ESBL Production Among E. coli and Klebsiella spp. Causing Urinary Tract Infection: A Hospital Based Study
Pooja Shakya1, †, Dhiraj Shrestha*, 2, †, Elina Maharjan1, Vijay K. Sharma3, Rabin Paudyal2
Identifiers and Pagination:Year: 2017
First Page: 23
Last Page: 30
Publisher ID: TOMICROJ-11-23
Article History:Received Date: 19/12/2016
Revision Received Date: 26/01/2017
Acceptance Date: 08/02/2017
Electronic publication date: 28/04/2017
Collection year: 2017
open-access license: This is an open access article distributed under the terms of the Creative Commons Attribution 4.0 International Public License (CC-BY 4.0), a copy of which is available at: https://creativecommons.org/licenses/by/4.0/legalcode. This license permits unrestricted use, distribution, and reproduction in any medium, provided the original author and source are credited.
Increase in extended-spectrum β-lactamases (ESBL) producing microbes in recent years has led to limitations of treatment options. This study aimed to assess the prevalence of ESBL producing E. coli and Klebsiella spp. at a tertiary hospital in Nepal.
A total of 2209 non-repetitive mid-stream urine (MSU) samples were collected during the study period (March to September 2014). Identification of the isolates was done by Gram's staining followed by biochemical tests. Antibiotic susceptibility testing was done by modified Kirby-Bauer disc diffusion method and interpretation was done following Clinical and Laboratory Standard Institute (CLSI) guidelines, 2013. ESBL screening among E. coli and Klebsiella spp. isolates were done using ceftriaxone, cefotaxime, ceftazidime and cefpodoxime. The confirmation was done by phenotypic disc diffusion test (combined disc method) using ceftazidime (30µg) and ceftazidime plus clavulanic acid (30/10µg), and cefotaxime (30µg) and cefotaxime plus clavulanic acid (30/10µg) disc as per CLSI guidelines.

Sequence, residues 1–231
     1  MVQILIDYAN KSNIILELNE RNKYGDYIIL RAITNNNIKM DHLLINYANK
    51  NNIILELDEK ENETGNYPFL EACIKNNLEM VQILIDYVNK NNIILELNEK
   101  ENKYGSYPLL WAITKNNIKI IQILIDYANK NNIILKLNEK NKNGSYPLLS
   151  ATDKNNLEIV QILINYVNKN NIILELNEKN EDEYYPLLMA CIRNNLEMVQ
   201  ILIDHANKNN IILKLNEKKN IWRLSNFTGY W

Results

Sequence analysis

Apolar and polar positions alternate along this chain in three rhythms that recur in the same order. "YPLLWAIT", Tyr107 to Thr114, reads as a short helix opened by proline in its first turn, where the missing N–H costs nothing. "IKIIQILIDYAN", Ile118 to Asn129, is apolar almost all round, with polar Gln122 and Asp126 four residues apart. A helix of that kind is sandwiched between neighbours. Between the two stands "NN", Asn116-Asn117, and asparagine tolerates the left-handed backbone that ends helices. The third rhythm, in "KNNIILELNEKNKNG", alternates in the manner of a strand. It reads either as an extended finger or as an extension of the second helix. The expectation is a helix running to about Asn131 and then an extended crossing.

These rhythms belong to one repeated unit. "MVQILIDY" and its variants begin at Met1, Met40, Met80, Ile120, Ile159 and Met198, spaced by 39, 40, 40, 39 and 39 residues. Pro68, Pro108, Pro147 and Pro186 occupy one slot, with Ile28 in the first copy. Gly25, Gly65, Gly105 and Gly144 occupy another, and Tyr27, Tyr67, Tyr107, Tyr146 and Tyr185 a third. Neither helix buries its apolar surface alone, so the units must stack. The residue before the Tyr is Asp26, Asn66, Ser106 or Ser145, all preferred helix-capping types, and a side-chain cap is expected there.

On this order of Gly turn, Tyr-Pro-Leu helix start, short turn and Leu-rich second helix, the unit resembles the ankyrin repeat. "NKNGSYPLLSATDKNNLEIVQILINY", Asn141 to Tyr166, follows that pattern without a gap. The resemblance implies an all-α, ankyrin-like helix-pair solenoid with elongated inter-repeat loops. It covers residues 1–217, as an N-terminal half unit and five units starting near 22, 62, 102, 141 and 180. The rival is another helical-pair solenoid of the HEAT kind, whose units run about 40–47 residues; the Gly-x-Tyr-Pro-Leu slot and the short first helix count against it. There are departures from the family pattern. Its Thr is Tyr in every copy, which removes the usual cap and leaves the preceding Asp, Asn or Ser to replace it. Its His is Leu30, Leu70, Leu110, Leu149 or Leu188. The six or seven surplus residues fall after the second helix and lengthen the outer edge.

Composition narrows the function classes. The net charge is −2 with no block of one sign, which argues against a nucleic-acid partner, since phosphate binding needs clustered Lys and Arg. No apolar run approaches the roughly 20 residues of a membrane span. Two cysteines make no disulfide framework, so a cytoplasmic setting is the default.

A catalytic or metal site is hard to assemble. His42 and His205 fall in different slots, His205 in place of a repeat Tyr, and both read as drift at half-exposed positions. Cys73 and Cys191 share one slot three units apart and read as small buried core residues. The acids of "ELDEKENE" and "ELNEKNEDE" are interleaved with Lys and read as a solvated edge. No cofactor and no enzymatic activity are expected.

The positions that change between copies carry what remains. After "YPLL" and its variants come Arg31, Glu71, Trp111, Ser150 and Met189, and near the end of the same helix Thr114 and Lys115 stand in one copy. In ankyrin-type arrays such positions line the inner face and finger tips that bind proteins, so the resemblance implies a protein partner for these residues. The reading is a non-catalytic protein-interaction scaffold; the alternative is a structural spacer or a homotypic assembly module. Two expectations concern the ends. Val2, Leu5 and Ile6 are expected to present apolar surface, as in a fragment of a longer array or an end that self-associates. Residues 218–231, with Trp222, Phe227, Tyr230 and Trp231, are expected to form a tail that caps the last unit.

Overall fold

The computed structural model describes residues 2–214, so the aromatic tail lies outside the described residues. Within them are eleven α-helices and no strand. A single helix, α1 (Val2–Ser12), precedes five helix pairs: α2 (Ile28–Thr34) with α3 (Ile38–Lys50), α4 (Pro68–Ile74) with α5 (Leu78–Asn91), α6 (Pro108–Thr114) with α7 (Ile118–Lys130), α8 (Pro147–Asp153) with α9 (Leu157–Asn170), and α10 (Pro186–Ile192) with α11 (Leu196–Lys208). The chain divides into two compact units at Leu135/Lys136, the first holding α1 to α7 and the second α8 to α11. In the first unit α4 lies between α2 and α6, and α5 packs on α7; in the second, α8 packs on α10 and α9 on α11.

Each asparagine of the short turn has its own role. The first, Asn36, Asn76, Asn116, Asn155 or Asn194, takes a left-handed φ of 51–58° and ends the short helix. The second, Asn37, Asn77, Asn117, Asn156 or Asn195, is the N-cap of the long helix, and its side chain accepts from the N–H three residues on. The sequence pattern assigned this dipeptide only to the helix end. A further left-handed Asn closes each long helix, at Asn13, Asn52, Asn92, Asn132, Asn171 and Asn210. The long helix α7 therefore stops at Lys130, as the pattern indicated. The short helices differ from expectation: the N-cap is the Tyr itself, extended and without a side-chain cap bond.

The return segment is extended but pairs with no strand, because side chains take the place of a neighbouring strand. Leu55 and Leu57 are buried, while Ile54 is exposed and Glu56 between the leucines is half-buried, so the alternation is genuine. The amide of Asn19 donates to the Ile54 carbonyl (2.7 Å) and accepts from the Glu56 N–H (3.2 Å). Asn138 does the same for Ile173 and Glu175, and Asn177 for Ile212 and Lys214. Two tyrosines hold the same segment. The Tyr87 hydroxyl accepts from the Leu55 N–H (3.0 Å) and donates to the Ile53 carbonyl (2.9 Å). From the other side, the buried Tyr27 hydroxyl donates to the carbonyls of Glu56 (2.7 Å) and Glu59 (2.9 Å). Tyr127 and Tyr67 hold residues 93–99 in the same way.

A total of 451 samples showed significant bacteriuria with 365 (80.9%) E. coli, 17 (3.8%) Klebsiella pneumoniae and 3 (0.7%) Klebsiella oxytoca. Of 451 isolates, 236 (52.3%) were found MDR strains. By combined disk test, 33 (91.7%) E. coli and 3 (8.3%) Klebsiella spp. were found ESBL producers.
Higher prevalence of ESBL producing E. coli and Klebsiella spp. was observed warranting prompt need of surveillance for effective management of such MDR strains.